There are few things as fascinating as the blockchain technology. One program taking advantage of this technology is PyBitmessage. With this program, users can send P2P messages with the Bitcoin blockchain, in a secure way. Best of all, this program can be used on multiple operating systems, including Linux!
PyBitmessage is an exciting program, but it doesn’t seem that the mainstream Linux distributions have enough interest in it to carry it officially. Luckily, this program is straightforward to compile and build from source. To start the compiling process, open up a terminal and install the various libraries and dependency files required for your operating system.
sudo apt install python-qt4 python-msgpack python-pyopencl python-setuptools build-essential libssl-dev git
sudo apt-get python-qt4 python-msgpack python-pyopencl python-setuptools build-essential libssl-dev git
sudo dnf install PyQt4 python2-msgpack python2-pyopencl python2-setuptools gcc-c++ redhat-rpm-config python-devel openssl-devel git
sudo zypper install python-qt python-msgpack-python python-setuptools gcc-c++ libopenssl-devel python-devel git
Installing PyBitmessage on Arch Linux isn’t very different than compiling it on other Linux distributions, as we’ve outlined in this article. However, given how the AUR works, Arch users get a much cleaner, more automated build process. All dependency files are taken care of automatically.
To get started installing PyBitmessage on your Arch Linux PC, you’ll first need to install the latest version of the Git package management tool with the Pacman, package manager.
sudo pacman -S git
Git is done installing. The next step in the process is to clone the latest PyBitmessage pkgbuild snapshot.
git clone https://aur.archlinux.org/pybitmessage.git
CD into the newly cloned pybitmessage directory to start the package generation process.
Building packages from the AUR is a quick and easy process. However, sometimes errors can happen. If makepkg fails to generate, you may have some dependencies that can’t install automatically. To fix this issue, you’ll need to go to the PyBitmessage AUR page and install the rest of the dependencies manually.
To start the build process, run makepkg.
PyBitmessage has a handy script that allows users to scan their operating system and find out what dependencies they need to run the program. If you are trying to run this program on an operating system that isn’t listed above, follow these instructions to determine what you need.
git clone https://github.com/Bitmessage/PyBitmessage
cd ~/PyBitmessage python checkdeps.py
Read the output of the script, as it will detect what OS you have and print out the exact packages you need. Most operating systems have instructions within the checkdeps.py script, even FreeBSD!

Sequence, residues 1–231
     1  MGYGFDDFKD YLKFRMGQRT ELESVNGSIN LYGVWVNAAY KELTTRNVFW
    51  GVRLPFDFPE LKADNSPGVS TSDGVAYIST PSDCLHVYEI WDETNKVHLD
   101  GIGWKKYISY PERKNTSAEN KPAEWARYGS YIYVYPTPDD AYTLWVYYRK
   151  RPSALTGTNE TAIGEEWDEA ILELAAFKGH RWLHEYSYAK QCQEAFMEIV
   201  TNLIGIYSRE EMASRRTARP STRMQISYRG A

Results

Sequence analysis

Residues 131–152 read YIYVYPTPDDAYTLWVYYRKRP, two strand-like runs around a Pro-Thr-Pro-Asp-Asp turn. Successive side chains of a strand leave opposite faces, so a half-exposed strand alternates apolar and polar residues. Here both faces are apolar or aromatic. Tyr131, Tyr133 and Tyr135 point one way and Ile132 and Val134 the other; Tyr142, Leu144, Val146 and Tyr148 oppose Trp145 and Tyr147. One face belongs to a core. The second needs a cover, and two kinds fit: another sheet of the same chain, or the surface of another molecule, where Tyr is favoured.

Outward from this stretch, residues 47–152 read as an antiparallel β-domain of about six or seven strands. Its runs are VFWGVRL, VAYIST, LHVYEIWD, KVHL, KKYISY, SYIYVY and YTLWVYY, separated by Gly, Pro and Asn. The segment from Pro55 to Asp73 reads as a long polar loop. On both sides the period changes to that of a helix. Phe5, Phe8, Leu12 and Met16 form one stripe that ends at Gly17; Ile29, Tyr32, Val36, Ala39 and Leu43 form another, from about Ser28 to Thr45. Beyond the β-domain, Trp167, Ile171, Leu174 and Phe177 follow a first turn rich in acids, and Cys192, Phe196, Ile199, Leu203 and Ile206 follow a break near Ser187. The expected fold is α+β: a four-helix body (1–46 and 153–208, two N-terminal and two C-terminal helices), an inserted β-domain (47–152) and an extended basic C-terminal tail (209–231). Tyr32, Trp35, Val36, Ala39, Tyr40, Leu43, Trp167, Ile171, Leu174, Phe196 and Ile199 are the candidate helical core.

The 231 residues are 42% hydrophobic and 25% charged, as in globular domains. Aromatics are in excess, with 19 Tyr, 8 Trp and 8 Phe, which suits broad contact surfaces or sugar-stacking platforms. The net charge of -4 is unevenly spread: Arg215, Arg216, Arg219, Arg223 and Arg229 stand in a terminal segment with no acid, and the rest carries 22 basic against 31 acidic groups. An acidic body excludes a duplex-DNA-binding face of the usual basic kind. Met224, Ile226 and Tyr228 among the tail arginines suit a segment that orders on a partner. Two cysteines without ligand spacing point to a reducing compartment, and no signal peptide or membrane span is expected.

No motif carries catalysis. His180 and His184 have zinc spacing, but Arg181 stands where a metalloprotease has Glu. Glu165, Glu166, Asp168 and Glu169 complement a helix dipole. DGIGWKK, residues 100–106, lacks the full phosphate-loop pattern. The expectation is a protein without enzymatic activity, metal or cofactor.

With all the dependencies installed, it’s time to start working with the source code.
First, using the git tool, clone the latest version of the PyBitmessage source code from GitHub.
git clone https://github.com/Bitmessage/PyBitmessage
Use the CD command to move the terminal into the newly cloned PyBitmessage folder on your Linux PC.
Inside of the PyBitmessage folder, there are several files. These files are essential to the program overall, but we can disregard them. The only important file here is setup.py, as it will take the code, build it, and place it in the right location.
Install PyBitmessage to the entire system, by running this command as root:
sudo -s python setup.py install
Alternatively, install PyBitmessage as a regular user, run the following command. Keep in mind that if you go this route, PyBitmessage will need to be re-installed multiple times for each user that needs to use it.
python setup.py install --user
To start communicating with PyBitmessage, you’ll first need to create a new identity. Do this by opening the program. Once it’s open, click the “new identity” button. Leave the settings at default, and click “OK” to get started.
Shortly after setup, PyBitmessage will show a notification in your system tray saying “connected.”
To send a message with PyBitmessage, click the “Send button.” Clicking “send” doesn’t automatically send anything. Instead, it opens the message dialog, where users can compose new things to send.
Sending Ordinary Messages
Need to send a Bitmessage to a friend? First, get their Bitmessage address. Once you’ve got it, click on “Send ordinary Message.” Paste their address in the “To” box.
Note: PyBitmessage sends disposable messages. To determine when your message will expire, drag the slider next to “TTL.”
PyBitmessage won’t automatically use your address in the “From” section. Instead, you’ll need to click the “From” box and select your address when it comes up in the menu. Fill out the subject, and the message box. When everything looks good, click the “send” button.
Sending Messages To Subscribers
In addition to sending messages from person to person, PyBitmessage allows users to send items to “subscribers,” or people who follow your PyBitmessage address. To use this feature, click “send,” then the “Send messages to your Subscribers” button.
Like in “Ordinary Messages,” click on the “From” box and click add to your address. Then fill out the subject and the content of your post. Click send to publish to your followers.